Can Alternative Water Resources Become Viable in Low-Income Countries?

Driven by increasing water scarcity, the use of alternative water resources is becoming more common. They are viewed as key to creating more resilient and robust water supply systems, yet the technology and knowledge required to utilise alternative water resources can put them out of reach for many countries.

“Alternative” water resources are generally thought of as those using desalination, rainwater harvesting, water reuse, and even water loss reduction technology to increase the available water supply beyond traditional ground and surface water sources. These technologies are becoming more advanced and increasingly energy efficient. Innovative examples of their use can be seen in places like Korea, Australia, Europe and Middle Eastern countries; all of which have invested significantly in the success of these projects. A comprehensive overview of best practices, technologies and applications of alternative water resources is available in the form of a recently published compendium by the IWA.

Unfortunately, many of the countries with the greatest need for more reliable water supplies are without the economic means to implement the latest technologies. Many desalination and water reuse technologies are highly energy intensive, expensive and may even contribute to environmental degradation.

This presents a major barrier to low-income countries trying to increase food security, reduce water-borne illnesses and improve sanitation through an improved water supply. This is especially problematic in rural areas, which may not be connected to an energy grid or water distribution network, and where poverty levels tend to be higher than those of urban areas.

The question that many water professionals are asking is: “How can these regions improve water quality and availability without overdrawing diminishing natural sources, causing irreparable environmental damage or burdening themselves with debt and high operational costs?”

Achieving a perfect balance is no easy feat, but an increasing number of developing countries are creating and implementing approaches to water management that diversify water sources and incorporate alternative water resources. These approaches may differ greatly from those in the developed world, but still have the power to create robust solutions that benefit local populations.

Vietnam Alternative Water Resources

Using alternative water resources to enhance water supply resilience does not necessarily require the most current technologies. Finding solutions that work for the location, and that can be maintained in the long-term, is more important. High-tech solutions have the potential to hurt communities more than they help; even where capital can be raised to build a state-of-the-art facility, without a steady income stream to maintain the system the initial investment may be wasted. In the case of desalination, for example, environmental and energy costs can sometimes outweigh the benefits, creating an unsustainable solution to water shortage.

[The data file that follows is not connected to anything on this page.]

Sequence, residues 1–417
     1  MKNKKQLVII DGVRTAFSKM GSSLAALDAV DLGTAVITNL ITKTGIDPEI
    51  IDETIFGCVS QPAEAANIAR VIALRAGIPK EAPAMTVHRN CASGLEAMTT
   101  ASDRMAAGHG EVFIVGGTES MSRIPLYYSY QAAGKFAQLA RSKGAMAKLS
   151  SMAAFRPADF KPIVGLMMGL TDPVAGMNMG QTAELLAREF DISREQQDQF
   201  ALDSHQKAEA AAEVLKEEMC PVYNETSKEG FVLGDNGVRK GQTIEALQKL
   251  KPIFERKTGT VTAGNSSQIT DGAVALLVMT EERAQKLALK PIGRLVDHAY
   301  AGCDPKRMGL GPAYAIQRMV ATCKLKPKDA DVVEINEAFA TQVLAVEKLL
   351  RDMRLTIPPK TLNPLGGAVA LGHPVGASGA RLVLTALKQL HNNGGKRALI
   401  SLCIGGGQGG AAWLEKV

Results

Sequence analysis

Examples of alternative water resources that low-income countries have taken advantage of can be seen all over the world. In India, water-related challenges include contaminated surface water, dry season shortages and poor sanitation.

In rural Madhya Pradesh province, a small-scale rural greywater reuse system was implemented. It used a settling tank, a series of sand filters and natural aeration to treat greywater to a quality at which it could be used for toilet flushing, cleaning and garden watering. The system had a simple design and was made with locally available materials, making it accessible to even the poorest communities. The system was so effective in reducing water demand and improving sanitation that similar systems were later implemented to serve over 300 schools and 1,500 households[i].

The village of Cukhe, on the outskirts of Hanoi in Vietnam, took a different approach when arsenic contamination in the groundwater and sewage-contaminated surface water forced members of the village to buy expensive bottled water. Working with a team from Seoul National University, they installed rainwater harvesting systems consisting of screens, settling tanks with calm inlets, UV filtration and first flush systems. The collected water is of potable quality, and each system costs less than US$400, delivering significant savings on bottled water. The village uses less-trusted groundwater to meet outdoor and non-potable needs, thus diversifying its water supply and conserving rainwater[ii].

No matter the GDP of a country, having one or more alternative sources of water can improve numerous development indicators. Alternative water resources can be an important part of creating a sustainable water supply anywhere in the world, and with the Earth’s natural freshwater supply under strain, the sooner we as a society realise their true value, the better.


For more on IWA’s work in this area visit the Alternative Water Resources Cluster page



[i] Godfrey, S., Labhasetwar, P., Wate, S., and Jimenez, B. (2010). Safe greywater reuse to augment water supply and provide sanitation in semi-arid areas of rural India. Water Science & Technology, 62(6): 1296-1303.

[ii] Nguyen, D. C., Dao, A. D., Kim, T., and Han, H. (2013). A Sustainability Assessment of the Rainwater Harvesting System for Drinking Water Supply: A Case Study of Cukhe Village, Hanoi, Vietnam. Environmental Engineering Research, 18(2): 109-114.

Devon Hardy

Environment and Water Resources Specialist, Ville de Montréal, Canada
Devon Hardy is a lover of all things water and sustainability. She has an extensive background in water management at the municipal level and has been lucky enough to work with organisations like the International Water Association, Future Earth and ... Read full biography